Fifty Famous Fables eBook

This eBook from the Gutenberg Project consists of approximately 65 pages of information about Fifty Famous Fables.

This awakened the lion and made him very angry.

He put his paw over the mouse and said, “What do you mean by waking me?  You shall pay for this,” and he opened his big mouth to swallow the mouse.

“Oh, do not kill me, Mr. Lion!” squealed the mouse.  “I did not mean to waken you.  Do let me go and I will never trouble you again.”

“No, I will not let you go,” roared the lion.

“Please do,” cried the frightened mouse.  “If you will let me go perhaps I can do something for you sometime.”

This made the lion laugh.  “You do something for me,” he said.  “What a joke!  Well, you are such a little fellow that I will let you go this time, but never let me see you about here again,” and he lifted his paw.

As the little mouse scampered off, he said, “Thank you, kind lion, I shall not forget your kindness.”

Some time after this the lion was caught in a trap.  The hunters tied him to a tree while they went to get a wagon to carry him away.

The lion roared so loud that the ground shook.  The little mouse heard him.

“That lion is in trouble,” he said.  “I will see what I can do to help him,” and he ran to the lion.

When the mouse saw that the lion was tied with ropes, he said, “Cheer up, Mr. Lion.  Be quiet and I will set you free,” and he began gnawing the ropes.

He worked long and hard and at last the lion was free.


An ant went to the river to get a drink.  The water rushed along so fast that he was washed off the bank into the river.

“I shall drown!” he cried.  “Help! help! help!” but his voice was so tiny that it could not be heard.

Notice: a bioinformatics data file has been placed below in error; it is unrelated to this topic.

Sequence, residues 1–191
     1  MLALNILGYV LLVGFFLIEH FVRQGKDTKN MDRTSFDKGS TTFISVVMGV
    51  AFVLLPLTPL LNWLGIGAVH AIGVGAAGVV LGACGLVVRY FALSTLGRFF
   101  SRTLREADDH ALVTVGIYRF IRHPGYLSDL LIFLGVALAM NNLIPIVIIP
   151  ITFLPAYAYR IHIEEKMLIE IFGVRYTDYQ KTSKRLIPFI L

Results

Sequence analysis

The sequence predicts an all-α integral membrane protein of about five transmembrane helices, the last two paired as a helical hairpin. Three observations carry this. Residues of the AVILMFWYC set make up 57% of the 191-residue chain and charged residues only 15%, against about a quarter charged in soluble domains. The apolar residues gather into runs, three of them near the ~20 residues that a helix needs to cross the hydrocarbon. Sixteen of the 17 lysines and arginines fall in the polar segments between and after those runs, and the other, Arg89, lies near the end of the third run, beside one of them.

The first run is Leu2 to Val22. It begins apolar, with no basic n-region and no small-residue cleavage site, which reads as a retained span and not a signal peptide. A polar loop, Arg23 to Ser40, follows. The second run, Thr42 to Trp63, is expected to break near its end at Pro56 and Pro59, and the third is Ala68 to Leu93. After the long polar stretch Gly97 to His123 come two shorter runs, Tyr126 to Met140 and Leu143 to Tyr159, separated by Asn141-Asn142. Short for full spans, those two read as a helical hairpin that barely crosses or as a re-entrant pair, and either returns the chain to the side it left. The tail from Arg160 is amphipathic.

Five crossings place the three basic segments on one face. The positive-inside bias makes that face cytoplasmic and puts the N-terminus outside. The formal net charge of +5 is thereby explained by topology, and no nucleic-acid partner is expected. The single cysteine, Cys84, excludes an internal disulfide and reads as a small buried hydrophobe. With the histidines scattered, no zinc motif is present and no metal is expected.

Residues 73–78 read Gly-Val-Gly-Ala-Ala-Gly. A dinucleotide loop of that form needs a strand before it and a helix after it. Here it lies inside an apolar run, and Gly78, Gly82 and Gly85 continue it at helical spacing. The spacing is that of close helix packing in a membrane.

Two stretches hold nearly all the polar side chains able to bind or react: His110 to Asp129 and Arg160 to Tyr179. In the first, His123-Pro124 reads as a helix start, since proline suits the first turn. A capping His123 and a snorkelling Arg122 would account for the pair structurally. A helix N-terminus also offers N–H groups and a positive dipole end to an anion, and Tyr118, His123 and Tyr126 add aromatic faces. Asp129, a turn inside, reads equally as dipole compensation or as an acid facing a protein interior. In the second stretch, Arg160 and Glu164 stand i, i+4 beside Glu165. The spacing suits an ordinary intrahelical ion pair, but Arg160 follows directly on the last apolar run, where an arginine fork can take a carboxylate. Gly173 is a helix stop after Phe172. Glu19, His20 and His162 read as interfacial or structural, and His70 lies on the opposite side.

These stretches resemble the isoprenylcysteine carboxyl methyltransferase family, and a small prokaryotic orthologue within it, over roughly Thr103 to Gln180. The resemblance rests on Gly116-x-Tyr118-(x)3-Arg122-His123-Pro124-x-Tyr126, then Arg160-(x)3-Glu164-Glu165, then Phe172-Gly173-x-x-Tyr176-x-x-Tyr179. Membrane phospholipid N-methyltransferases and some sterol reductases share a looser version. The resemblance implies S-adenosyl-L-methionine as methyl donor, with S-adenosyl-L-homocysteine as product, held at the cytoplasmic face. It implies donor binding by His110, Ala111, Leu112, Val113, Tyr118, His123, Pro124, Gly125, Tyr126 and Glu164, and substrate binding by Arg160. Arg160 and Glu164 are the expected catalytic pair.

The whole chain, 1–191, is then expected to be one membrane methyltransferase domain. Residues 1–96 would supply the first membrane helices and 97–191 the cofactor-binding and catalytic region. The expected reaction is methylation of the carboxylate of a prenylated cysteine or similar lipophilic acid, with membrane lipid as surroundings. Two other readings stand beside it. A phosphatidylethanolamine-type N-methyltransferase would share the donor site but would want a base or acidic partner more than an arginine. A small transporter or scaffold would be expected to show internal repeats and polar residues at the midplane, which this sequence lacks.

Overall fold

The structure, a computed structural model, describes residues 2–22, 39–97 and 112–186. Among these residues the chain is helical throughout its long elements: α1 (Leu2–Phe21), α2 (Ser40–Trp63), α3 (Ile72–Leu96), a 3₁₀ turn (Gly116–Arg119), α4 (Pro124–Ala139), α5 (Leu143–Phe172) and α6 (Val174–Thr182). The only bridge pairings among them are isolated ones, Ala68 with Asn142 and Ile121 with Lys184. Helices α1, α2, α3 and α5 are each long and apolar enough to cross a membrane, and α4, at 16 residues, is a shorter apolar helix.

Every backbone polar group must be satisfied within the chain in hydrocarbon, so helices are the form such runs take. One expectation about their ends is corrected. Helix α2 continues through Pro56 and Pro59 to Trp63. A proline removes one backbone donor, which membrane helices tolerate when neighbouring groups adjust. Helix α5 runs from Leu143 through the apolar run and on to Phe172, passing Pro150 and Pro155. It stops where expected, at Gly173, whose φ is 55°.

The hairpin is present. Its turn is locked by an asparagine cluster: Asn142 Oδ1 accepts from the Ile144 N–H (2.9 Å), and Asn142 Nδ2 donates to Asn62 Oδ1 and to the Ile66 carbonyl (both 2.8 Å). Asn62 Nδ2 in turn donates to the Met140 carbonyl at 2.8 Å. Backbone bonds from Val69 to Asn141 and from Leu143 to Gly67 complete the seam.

A dove was sitting in a tree that overhung the water.  She saw the ant struggling, and quickly nipped off a leaf and let it fall into the water.  The ant climbed upon it and floated down the river until the leaf was washed upon the bank of the stream.

The ant called out in its tiny voice, “Thank you, kind dove, you have saved my life;” but of course the dove could not hear him.

Several days after this, the dove was again sitting in a tree.  A hunter crept carefully up to the tree.  His gun was pointed at the dove and he was about to shoot, when he was bitten in the leg by an ant.

He cried out with pain and dropped his gun.  This frightened the dove and she flew away.

“Thank you, kind ant,” cooed the dove, and the ant heard and was glad.


There was once a very queer family living in the woods.  There were four in all—­a rat, a raven, a tortoise, and a gazelle.

All day the animals were away from home hunting food.

The rat caught beetles which had hidden under leaves.  He visited fields and barns Now and then he went to a henhouse.

Project Gutenberg
Fifty Famous Fables from Project Gutenberg. Public domain.
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